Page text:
Spending a few minutes on something that calms your mind is a great way to take a break and practice self-care when feeling overwhelmed and stressed. It can be as simple as spending time in nature or enjoying a cup of your favorite tea quietly. Other ways to unwind and relax can involve:
- Listen to music – Music is an effective way to reduce stress and gain a sense of comfort. Enjoying good music can elevate your mood, spark happiness, and even help you sleep better at night.
- Journaling – Writing has been known to provide mental clarity, relieve stress, help you organize your thoughts, and much more.
- Meditate – Deep breathing and meditation are known to decrease anxiety, strengthen attention span and increase energy levels, to name a few.
- Turn off your electronics – Staying glued to your phone and other devices can be emotionally draining and interfere with your time off. A digital detox during your mental break will allow you to concentrate without distraction.
- Read a book – Reading improves brain connectivity, prevents cognitive decline, and helps improve your quality of sleep while helping you reduce stress.
- Catch up with a friend – Everyday social interaction is a necessity. It is a terrific approach to developing and maintaining relationships and helps you develop a strong support system.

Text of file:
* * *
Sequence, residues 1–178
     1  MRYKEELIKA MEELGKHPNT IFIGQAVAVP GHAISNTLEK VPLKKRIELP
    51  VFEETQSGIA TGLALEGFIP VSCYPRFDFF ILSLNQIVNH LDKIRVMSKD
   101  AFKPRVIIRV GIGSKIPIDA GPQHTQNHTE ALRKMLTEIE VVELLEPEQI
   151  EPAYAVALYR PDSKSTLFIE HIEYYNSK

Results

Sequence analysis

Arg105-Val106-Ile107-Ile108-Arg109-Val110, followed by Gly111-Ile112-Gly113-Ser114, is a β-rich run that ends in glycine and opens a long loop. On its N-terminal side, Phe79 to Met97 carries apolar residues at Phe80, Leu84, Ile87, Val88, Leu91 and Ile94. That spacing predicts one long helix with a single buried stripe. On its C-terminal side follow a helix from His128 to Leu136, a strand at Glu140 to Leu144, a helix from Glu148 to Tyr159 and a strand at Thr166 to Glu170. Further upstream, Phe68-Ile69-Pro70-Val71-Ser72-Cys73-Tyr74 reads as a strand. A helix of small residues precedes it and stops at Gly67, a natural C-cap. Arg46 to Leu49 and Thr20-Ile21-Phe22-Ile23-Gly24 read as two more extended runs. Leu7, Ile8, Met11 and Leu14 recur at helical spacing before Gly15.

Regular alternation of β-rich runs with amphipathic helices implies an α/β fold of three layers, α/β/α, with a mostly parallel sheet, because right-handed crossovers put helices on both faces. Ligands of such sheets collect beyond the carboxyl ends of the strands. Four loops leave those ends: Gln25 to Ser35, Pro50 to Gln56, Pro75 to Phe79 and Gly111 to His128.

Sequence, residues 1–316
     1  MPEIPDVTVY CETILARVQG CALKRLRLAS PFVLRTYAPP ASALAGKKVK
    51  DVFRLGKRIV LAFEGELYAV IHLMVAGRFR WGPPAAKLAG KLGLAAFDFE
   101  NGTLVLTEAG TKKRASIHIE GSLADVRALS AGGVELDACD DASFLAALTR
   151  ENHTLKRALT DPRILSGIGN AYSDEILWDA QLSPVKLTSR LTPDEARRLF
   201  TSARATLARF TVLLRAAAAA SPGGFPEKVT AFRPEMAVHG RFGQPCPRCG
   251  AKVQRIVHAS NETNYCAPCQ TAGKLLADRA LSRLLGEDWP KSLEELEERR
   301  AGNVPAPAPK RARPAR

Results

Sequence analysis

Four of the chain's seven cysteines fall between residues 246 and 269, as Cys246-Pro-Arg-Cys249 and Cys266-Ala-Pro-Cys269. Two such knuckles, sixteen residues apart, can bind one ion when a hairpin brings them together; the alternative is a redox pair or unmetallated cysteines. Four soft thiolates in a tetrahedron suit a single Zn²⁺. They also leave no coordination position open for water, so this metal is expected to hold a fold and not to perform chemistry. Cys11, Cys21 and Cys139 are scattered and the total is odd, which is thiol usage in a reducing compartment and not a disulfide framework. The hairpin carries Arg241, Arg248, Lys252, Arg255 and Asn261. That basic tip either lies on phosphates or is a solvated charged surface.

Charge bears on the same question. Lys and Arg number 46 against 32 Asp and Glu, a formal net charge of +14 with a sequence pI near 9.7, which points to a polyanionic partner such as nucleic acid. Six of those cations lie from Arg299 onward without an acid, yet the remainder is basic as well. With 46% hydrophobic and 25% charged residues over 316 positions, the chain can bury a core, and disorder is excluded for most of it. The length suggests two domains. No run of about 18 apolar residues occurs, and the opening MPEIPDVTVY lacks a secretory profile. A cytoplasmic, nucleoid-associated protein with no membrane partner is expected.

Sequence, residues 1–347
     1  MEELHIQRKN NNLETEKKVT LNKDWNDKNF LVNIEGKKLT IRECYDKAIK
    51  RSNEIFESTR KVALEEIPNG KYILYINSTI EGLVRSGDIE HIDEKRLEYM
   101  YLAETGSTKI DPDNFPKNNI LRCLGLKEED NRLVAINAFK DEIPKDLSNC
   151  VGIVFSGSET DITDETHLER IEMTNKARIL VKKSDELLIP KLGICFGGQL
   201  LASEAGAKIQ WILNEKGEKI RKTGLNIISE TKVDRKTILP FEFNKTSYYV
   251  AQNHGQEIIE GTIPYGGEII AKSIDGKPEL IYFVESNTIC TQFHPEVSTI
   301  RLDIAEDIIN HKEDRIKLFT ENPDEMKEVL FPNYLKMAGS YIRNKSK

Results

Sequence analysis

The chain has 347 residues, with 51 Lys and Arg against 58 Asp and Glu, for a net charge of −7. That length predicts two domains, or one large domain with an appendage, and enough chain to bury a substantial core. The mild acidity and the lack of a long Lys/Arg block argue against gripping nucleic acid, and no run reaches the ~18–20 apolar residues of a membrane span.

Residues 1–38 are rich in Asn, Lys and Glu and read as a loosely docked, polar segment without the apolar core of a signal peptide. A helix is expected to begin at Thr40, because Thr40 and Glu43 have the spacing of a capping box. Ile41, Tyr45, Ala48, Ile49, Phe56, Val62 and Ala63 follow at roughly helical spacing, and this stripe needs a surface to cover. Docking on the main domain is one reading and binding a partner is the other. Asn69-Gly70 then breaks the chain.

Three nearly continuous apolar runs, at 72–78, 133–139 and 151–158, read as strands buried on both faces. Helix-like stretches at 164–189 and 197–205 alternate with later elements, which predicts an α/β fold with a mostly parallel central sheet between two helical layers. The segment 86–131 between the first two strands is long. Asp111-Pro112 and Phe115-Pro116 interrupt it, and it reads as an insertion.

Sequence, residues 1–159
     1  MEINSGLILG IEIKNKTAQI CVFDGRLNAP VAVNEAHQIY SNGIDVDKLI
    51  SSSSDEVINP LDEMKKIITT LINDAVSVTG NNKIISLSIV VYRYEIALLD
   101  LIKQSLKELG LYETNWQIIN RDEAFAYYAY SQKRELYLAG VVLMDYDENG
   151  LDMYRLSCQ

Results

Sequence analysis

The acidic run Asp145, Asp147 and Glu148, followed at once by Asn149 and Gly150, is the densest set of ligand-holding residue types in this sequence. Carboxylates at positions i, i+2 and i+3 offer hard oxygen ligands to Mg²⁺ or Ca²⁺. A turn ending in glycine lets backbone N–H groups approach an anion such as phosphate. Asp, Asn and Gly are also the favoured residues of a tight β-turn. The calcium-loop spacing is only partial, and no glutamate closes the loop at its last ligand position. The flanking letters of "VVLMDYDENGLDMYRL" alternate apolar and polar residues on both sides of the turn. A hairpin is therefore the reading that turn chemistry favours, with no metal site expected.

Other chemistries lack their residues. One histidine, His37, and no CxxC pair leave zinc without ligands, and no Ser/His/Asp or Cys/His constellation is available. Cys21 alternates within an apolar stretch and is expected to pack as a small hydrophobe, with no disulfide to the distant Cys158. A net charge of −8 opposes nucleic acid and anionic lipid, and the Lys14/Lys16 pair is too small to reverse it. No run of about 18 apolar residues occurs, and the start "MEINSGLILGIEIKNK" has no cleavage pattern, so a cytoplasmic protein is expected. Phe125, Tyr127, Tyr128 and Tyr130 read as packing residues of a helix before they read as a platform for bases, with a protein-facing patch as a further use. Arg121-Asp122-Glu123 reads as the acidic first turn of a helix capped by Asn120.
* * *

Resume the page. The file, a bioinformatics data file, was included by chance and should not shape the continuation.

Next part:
- Doodle – can be advantageous both cognitively and emotionally. Doodling has also been shown to boost brain creativity and reduce stress.
The options are endless, but engaging in things that give you a sense of joy and comfort is key.
Benefits of Taking a Mental Break
Taking mental breaks yields many psychological and physical health benefits. It’s important to take a break from time to time in order to:
- Clear your mind
- Reduce stress
- Improve your sleep quality
- Promote relaxation
- Process your emotions
- Have fun and do things you enjoy
The objective of a mental break is to prevent oneself from reaching the point of burnout. Therefore, taking even a few minutes per day to relax can significantly minimize the risk of a mental breakdown. However, it’s important to talk to your GP or a mental health professional if symptoms of stress persist even after a mental break.
Risks of Not Taking a Break